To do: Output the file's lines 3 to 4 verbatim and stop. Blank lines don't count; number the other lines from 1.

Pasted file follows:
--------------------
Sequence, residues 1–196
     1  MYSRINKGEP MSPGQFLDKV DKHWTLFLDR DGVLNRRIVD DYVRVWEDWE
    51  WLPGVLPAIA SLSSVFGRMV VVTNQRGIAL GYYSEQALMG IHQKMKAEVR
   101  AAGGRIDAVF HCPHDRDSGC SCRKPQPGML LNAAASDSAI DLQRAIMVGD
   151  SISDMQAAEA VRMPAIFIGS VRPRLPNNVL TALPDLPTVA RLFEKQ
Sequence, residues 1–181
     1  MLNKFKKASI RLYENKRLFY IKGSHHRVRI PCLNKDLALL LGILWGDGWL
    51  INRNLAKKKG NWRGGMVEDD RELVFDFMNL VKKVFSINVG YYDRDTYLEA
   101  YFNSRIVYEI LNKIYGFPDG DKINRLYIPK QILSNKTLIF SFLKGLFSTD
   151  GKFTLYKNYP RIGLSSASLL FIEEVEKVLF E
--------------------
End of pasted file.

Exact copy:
    51  WLPGVLPAIA SLSSVFGRMV VVTNQRGIAL GYYSEQALMG IHQKMKAEVR
   101  AAGGRIDAVF HCPHDRDSGC SCRKPQPGML LNAAASDSAI DLQRAIMVGD